Asthma attacks cut in half by vitamin D supplements, study finds

A study has found a better option for treating or lowering the risk of asthma, as reported by The Daily Mail. Aside from strengthening the bones and muscles, vitamin D supplements can also lessen the risk of respiratory problems, such as severe asthma by 50 percent, according to the new study.

“Vitamin D is safe to take and relatively inexpensive so supplementation represents a potentially cost-effective strategy to reduce this problem,” explained Adrian Martineau, lead author of the study and a professor at the Queen Mary University London. (Related: ‘Vitamin D Guide’ infographic explains importance of vitamin D for optimal health.)

Researchers examined the individual data of 955 study subjects in seven previous randomized controlled trials. They found that the rate of asthma attacks which required steroid treatments or injections was lowered by 30 percent, from 0.43 attacks per person a year to 0.30. Moreover, they found that the risk of experiencing at least one asthma attack that required hospitalization was reduced by 50 percent.

“These results add to the ever growing body of evidence that vitamin D can support immune function as well as bone health,” Martineau said.

David Jolliffe, study co-author, explained that their findings are largely based on data from adults with mild to moderate asthma. However, the data of children with severe asthma were relatively under-represented, so the results are not applicable to this patient group.

“Further clinical trials are on-going internationally, and we hope to include data from them in a future analysis to determine whether the promise of today’s results is confirmed in an even larger and more diverse group of patients,” Jolliffe said.

The study was published in Lancet Respiratory Medicine and was funded by the National Institute for Health Research (NIHR).

“The results of this NIHR-funded study brings together evidence from several other studies from over the world and is an important contribution to reducing uncertainties on whether vitamin D is helpful for asthma, a common condition that impacts on many thousands of people worldwide,”said Hywel Williams, director of the NIHR Health Technology Assessment program.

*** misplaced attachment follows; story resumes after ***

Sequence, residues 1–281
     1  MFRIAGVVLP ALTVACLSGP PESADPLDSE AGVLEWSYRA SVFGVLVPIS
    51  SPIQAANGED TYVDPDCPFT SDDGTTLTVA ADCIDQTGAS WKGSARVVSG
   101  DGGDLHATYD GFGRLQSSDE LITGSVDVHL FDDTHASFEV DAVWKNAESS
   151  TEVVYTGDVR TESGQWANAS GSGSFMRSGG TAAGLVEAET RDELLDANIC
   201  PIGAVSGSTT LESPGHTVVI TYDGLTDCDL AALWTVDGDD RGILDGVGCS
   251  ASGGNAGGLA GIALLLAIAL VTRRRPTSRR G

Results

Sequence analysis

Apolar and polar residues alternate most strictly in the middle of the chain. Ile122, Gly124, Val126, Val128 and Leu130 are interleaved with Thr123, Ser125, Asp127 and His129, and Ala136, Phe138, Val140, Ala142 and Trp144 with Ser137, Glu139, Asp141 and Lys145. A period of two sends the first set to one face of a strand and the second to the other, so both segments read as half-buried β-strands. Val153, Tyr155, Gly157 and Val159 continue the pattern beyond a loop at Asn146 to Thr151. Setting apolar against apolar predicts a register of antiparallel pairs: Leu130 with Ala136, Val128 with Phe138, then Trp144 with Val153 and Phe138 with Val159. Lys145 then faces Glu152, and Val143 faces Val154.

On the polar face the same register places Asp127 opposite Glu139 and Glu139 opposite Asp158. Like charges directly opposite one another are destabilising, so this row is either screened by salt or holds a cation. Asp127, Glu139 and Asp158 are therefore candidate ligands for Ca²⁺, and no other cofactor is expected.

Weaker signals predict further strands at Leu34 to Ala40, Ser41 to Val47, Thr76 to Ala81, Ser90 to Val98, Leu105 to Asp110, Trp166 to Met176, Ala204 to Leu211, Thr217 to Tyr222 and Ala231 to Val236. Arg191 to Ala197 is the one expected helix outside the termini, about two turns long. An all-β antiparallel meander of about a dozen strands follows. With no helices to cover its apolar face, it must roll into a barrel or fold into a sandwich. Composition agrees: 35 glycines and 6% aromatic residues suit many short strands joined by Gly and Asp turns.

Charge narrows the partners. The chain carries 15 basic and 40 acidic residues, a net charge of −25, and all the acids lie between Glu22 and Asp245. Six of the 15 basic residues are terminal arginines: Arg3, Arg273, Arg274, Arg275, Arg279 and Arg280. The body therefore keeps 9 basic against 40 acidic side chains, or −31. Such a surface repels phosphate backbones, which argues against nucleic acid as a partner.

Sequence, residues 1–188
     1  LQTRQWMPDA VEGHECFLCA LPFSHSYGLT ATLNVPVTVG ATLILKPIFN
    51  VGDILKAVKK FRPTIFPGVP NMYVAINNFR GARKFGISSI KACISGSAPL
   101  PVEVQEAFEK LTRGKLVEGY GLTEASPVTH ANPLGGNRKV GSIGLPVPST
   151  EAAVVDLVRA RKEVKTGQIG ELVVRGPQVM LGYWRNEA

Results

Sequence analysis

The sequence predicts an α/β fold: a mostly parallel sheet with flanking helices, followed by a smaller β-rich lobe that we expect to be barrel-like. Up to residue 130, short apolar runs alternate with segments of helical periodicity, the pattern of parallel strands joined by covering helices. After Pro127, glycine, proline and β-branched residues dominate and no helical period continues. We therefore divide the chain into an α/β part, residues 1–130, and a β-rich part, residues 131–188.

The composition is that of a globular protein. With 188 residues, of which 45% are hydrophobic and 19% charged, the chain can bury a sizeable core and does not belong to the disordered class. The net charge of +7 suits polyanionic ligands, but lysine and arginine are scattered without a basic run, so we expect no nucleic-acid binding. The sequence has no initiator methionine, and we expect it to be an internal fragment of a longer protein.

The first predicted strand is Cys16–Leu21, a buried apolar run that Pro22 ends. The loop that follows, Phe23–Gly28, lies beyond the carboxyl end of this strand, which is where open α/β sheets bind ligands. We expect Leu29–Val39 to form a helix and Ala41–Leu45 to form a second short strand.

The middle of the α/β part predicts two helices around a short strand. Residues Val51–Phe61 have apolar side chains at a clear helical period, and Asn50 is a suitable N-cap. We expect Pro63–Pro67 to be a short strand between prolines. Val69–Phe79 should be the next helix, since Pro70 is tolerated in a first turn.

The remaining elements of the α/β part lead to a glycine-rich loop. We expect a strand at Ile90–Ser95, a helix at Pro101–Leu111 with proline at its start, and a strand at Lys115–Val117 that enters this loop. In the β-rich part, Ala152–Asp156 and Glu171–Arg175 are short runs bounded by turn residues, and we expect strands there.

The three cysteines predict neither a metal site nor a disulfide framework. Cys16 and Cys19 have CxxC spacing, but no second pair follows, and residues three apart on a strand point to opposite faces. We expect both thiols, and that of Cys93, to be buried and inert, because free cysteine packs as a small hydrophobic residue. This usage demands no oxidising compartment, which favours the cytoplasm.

Asthma and pregnancy

In the United States, at least 25 million are reported to have asthma, and nearly seven million of these are children. Asthma is a chronic lung disease that causes inflammation and narrowing in the airways. Its symptoms include recurring periods of wheezing, chest tightness, shortness of breath, and coughing. It is incurable, although most asthmatic people are able to manage the disease.

A study from the Karolinska Institute in Sweden found that women with asthma have more chances of developing pregnancy and childbirth complications. The study revealed that they have higher chances of having pre-eclampsia, a medically-necessary cesarean section, an underweight baby, and a short pregnancy.

“Asthma causes these complications. This means that [a] well-controlled asthma during pregnancy could reduce the relative incidence of complications during pregnancy and childbirth,” explained Gustaf Rejnö, lead author of the study.

The study, published in The Journal of Allergy and Clinical Immunology: In Practice, examined 1,075,153 pregnancies from more than 700,000 women from 2001 to 2013, in which about 10.1 percent had asthma. Data of pregnancy outcomes, and any prescribed drugs, or asthma diagnoses were collected.

“Four percent of all pregnant women develop pre-eclampsia. We found that the risk of pre-eclampsia is 17 percent higher in women with asthma compared to women without asthma,”

The reason why asthma increases a woman’s chance of suffering certain pregnancy complications was not discussed in the study, but previous research suggests the reason behind this is the steroid medications frequently prescribed by doctors.

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